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Catalonia’s nightlife sector has announced that it will re-open from Monday June 21st, just before the traditional midsummer party of the eve of Sant Joan, on the night of the 23rd. In a statement after a meeting today with public health officials, the sector association Fecasarm explained that clubs and other late night venues will be able to operate until 3:30am, with half an hour more for everyone to leave. The body has indicated that dance floors can be re-opened without distancing while drinks can be consumed while seated in groups of up to six people indoors and 10 outdoors.

There will be a maximum occupancy permitted of 50% of each space’s normal maximum inside and 100% outside. Fecasarm is jubilant that the Catalan government has finally allowed the reopening, although it had requested it for an earlier date than the 21st. The Barcelona nightclub owner’s association warns that capacity will be reduced if tables and chairs need to be installed.

Fecasarm called the meeting "historic", after this very Friday the Spanish government gazette has published the health minister’s resolution giving Autonomous Communities the power to decide on the reopening of nightlife. The agreement has still to be approved by Catalonia’s Procicat committee.

Nightclubs with a total floor area above 500 square metres will have to perimeter the dance floor. Ramon Mas, general secretary of the clubs’ gremi, has indicated that they are "happy" with this "first step", although they expect more flexibility later. According to him, there is a commitment to review the conditions every two weeks.

David López, president of Fecasarm and the Barceloneta Maritime Front Association, also applauded the reopening, but stressed the importance of the fortnightly review in line with the evolution of the public health data. “Businesses are carrying a lot of debt and need to be able to make the most of the season,” he said.


The Catalan health authorities had already announced on Thursday that it would meet with the nightlife sector to agree on measures for reopening, and had reported that the return to the dancefloor would not be far away.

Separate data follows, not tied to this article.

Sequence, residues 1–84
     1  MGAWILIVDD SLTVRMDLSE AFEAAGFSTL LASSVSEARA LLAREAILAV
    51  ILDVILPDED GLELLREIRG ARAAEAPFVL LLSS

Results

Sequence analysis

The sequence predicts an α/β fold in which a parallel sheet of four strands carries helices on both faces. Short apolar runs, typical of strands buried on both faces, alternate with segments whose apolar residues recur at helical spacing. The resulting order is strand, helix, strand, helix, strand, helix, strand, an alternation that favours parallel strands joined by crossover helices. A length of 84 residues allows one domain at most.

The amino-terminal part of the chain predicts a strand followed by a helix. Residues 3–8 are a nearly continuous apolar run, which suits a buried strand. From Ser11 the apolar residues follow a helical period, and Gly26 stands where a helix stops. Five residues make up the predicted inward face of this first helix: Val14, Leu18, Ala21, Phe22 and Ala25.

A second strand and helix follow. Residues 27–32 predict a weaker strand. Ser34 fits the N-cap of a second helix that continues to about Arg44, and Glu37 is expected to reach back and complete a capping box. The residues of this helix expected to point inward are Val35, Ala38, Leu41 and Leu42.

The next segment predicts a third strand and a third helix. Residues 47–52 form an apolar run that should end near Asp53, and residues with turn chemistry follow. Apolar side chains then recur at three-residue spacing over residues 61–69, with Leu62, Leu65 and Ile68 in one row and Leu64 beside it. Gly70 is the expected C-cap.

Public health secretary Dr Carmen Cabezas noted that they are looking for a reopening that is "the most appropriate for everyone," also taking into account the "economic recovery," she said, of a sector that has been closed for months due to the high contagion of the virus. In any case, they will be attentive to the evolution of the epidemiological situation.

On Wednesday, Spain’s interterritorial health council changed the restrictions on nightlife to "recommendations" and now it will be the Autonomous Communities that have the last word on possible restrictions in the sector.

The dance of the judges

For its part, the Catalan High Court (TSJC) rejected, by a majority vote, the appeal by nightlife employers’ group Fecasarm and endorsed the Catalan government decree of May 21st that kept nightclubs closed. For the court, the existence of risks to public health arising from situations of social contact is “unquestionable” and it considered that “reopening the clubs could have an very relevant impact" on the general population and the public interest that it has to protect.

The court referred to the “need to preserve fundamental rights such as the right to life, physical integrity and health protection”, which are part of a “common public interest that, in the midst of the pandemic, acquires an essential character”, and whose preservation must be the “main criterion” to be taken into account. Fecasarm’s appeal, filed on May 26th, had called for the suspension of the Catalan government's order to prevent the re-opening to the public of dance halls and nightclubs, music bars and karaokes, to prevent the spread of coronavirus.

Covid in Catalonia

As of this Friday, Catalonia has registered 693,316 confirmed cases of coronavirus (634,006 with PCR or antigen test), 1,479 more than in the count on Thursday, the Catalan health ministry reported on its website.

The total number of deaths stands at 22,219, five more than those recorded on Thursday: 14,134 in hospitals or health centres, 4,566 in residences, 1,183 in private homes and 2,336 not classifiable due to lack of information.


Main photo: Archive image of a group of people dancing in a nightclub / Unsplash - Axville